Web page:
Increasing costs predicted to increase which drugs are covered by pharmacy benefit managers and payers.
Recent analysis finds that increasing drug prices in the United States could lead to payers and pharmacy benefit managers (PBMs) further reducing the amount of drugs eligible for reimbursement. Researchers believe this could challenge drug manufacturers to establish more concrete support of clinical superiority and cost-effectiveness for their drugs.
"Payers are responding to rising drug costs with new, more restrictive formulary management policies," said Joshua Cohen, PhD, associate professor at Tufts Center for the Study of Drug Development. "With prescription drug spending in the US having grown more than 8.5% in 2015, and projected to continue rising, PBMs are likely to expand their exclusion lists."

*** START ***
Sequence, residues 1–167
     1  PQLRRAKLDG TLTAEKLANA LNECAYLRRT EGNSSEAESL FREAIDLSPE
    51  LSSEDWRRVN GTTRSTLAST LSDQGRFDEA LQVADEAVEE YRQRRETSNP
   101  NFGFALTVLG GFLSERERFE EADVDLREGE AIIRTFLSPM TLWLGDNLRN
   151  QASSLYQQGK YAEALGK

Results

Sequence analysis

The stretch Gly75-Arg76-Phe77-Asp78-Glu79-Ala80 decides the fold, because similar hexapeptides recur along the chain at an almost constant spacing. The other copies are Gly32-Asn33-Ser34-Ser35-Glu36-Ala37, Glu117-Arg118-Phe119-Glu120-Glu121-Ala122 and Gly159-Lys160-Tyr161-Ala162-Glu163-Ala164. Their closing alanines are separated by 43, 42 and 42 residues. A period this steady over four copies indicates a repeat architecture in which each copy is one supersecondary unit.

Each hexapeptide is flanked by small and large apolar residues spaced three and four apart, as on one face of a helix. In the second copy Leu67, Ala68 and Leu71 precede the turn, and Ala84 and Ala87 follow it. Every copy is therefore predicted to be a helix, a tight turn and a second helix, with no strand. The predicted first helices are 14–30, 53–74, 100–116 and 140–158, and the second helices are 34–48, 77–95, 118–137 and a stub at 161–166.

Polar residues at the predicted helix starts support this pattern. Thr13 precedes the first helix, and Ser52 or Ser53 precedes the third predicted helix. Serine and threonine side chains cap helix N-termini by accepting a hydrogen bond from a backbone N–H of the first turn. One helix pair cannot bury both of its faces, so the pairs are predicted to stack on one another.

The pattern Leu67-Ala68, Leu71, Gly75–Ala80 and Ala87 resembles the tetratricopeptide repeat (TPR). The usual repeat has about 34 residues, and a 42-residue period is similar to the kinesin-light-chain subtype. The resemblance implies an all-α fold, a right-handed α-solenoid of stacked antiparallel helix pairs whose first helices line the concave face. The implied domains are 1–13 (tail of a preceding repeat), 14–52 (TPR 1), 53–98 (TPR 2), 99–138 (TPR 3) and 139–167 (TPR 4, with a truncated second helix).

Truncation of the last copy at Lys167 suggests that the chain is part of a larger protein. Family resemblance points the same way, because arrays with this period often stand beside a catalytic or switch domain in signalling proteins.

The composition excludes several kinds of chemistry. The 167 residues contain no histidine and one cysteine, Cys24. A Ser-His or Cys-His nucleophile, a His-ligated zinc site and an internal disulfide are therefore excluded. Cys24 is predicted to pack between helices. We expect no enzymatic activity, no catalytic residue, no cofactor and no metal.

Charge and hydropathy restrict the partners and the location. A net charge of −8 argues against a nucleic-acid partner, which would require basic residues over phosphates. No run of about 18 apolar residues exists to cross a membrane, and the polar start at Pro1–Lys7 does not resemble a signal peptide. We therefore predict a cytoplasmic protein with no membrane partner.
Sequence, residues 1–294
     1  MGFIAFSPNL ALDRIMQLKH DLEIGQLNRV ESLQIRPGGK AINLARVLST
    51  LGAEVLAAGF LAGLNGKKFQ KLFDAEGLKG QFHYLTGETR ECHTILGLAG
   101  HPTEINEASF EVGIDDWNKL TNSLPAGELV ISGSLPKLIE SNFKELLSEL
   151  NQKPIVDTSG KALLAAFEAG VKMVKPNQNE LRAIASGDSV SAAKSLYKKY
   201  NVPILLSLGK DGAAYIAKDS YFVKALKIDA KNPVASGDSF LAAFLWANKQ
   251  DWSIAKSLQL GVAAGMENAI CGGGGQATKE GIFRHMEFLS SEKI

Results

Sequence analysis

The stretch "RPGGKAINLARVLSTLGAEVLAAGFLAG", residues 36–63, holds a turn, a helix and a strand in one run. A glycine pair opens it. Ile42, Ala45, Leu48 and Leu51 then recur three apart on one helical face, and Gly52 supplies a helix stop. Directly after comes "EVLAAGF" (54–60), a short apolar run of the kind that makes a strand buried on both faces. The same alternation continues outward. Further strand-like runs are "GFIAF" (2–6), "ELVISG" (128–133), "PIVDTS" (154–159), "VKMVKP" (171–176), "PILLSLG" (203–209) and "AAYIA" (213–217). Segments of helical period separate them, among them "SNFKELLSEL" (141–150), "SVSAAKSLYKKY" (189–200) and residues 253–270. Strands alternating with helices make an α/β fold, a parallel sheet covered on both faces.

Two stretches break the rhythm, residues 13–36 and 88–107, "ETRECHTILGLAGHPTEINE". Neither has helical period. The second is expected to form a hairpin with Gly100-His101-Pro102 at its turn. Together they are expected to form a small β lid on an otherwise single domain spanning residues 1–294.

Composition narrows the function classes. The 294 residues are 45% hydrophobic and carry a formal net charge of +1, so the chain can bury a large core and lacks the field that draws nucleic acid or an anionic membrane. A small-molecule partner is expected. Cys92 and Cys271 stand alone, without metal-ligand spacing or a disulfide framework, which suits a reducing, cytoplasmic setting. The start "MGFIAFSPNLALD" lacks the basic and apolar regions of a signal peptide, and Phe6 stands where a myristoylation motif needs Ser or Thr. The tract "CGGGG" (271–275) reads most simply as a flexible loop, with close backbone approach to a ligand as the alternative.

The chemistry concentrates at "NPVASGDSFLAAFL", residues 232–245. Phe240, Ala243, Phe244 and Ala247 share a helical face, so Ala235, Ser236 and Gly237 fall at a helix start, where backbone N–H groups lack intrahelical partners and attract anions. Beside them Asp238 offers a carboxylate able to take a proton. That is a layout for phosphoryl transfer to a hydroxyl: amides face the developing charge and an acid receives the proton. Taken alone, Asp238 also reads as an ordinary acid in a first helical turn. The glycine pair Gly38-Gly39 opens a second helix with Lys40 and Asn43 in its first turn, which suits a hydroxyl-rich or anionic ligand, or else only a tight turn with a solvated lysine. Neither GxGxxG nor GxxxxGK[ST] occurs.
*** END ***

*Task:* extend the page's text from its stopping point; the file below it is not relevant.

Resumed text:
According to the analysis from the Tufts Center for the Study of Drug Development, PBMs and payers will respond to rising costs by increasing traditional approaches to formulary management, such as tiered formularies, prior authorization, step therapy, and off- and on-label indication restrictions.
Exclusion lists contain drugs that will not be reimbursable, but offer an alternative covered drug. Drugs that offer no additional benefit over alternative treatments are said to be excluded.
Researchers found that 2 of the largest PBMs in the United States increased their exclusion lists by approximately 65% from 2014 to 2016.
Rebates from drug manufacturers play a significant role in PBM exclusion decisions, as do coupons or copay offset provisions offered to patients by manufacturers.
Researchers interestingly found that cost-effectiveness does not seem to correlate with whether or not a drug is covered, while more cost-effective drugs are not always recommended over other less cost-effective drugs in the same class.